Malaria still afflicts about half of the world populations causing more than 500,000 deaths, mostly children. The global economic toll of malaria is enormous. Most of the drugs that are currently utilized for malaria treatment are losing their effectiveness due to widespread emergence of drug resistance. Even artemisinin-based combination treatments (ACTs) that are the front-line therapies against falciparum malaria are showing signs of resistance in endemic regions. Therefore, it is urgent to identify new drug leads acting on novel targets for the development of next generation of therapies against malaria. To address the fragility of malaria therapy, we propose to identify novel lead compounds against multidrug resistant malaria through screening of a library of fungal secondary metabolites. We believe that fungal secondary metabolites, which are underexplored for antimalarial discovery, provides us with a unique opportunity to investigate medicinally relevant but untapped chemical space for the discovery of novel malaria therapeutics. Our preliminary screen has identified fungal extracts and pure compounds from fungal extracts with potent antiplasmodial activities. Based on our promising preliminary results we hypothesize that fungal extracts will be a rich source of novel antimalarial scaffolds. To prove this hypothesis, we propose herein to discover antimalarial lead compounds from fungal secondary metabolites effective against multidrug resistant malaria. The research in this endeavor will be conducted through a multidisciplinary collaboration between the laboratories of Debopam Chakrabarti (University of Central Florida) and Robert Cichewicz (University of Oklahoma), with combined expertise in natural product chemistry, malaria cell biology, and anti- infective discovery. Specifically, (1) We will screen libraries of 5,000 extracts derived from diverse fungal species and 800 pure compounds of fungal origin to identify selective antiplasmodial activities against both asexual and gametocyte stages; hits will be screened against multidrug resistant strains to determine cross-resistance, and (2) We will initiate dereplication of prioritized bioactive secondary metabolites and determine the structures of active compounds. (3) Active compounds will be prioritized by in vitro pharmacology, gametocytocidal activities, and stage specific action for future in vivo studies.This is a highly significant endeavor, as we will discover novel lead compounds for therapy against multidrug resistant malaria.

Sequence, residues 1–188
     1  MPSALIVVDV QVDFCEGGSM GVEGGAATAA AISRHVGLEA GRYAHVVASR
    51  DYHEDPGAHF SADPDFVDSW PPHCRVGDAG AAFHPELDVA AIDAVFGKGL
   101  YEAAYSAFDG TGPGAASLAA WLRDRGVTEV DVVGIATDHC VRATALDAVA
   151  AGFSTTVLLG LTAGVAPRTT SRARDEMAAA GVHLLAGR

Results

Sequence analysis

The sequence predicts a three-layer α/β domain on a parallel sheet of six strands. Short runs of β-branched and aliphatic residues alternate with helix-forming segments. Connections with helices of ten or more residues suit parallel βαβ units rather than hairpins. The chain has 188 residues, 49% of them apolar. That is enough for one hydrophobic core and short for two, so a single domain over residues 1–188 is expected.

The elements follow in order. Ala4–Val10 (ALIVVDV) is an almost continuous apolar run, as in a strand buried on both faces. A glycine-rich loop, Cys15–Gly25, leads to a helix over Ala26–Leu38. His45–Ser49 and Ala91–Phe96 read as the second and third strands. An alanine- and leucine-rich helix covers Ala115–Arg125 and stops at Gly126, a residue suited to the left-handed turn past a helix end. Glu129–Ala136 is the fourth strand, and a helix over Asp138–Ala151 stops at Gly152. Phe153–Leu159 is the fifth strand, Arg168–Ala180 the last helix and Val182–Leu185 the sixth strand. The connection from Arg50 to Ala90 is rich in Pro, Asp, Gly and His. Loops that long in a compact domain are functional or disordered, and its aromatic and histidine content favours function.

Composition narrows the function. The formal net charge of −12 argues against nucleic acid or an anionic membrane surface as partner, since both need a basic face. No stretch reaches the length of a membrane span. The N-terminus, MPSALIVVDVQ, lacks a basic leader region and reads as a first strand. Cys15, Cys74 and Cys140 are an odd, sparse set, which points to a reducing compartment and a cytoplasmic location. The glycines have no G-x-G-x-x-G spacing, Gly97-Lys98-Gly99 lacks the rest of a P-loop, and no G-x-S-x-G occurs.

Malaria is one of the major global health problem afflicting over 300 million people and killing over 500,000 individuals annually. Because of emergence of drug resistance parasites, current therapies for malaria are rapidly loosing their efficacy. The proposed research seeks to develop antimalarial lead compounds from fungal extracts effective against multidrug resistant malaria, thus contributing to the global malaria elimination campaign.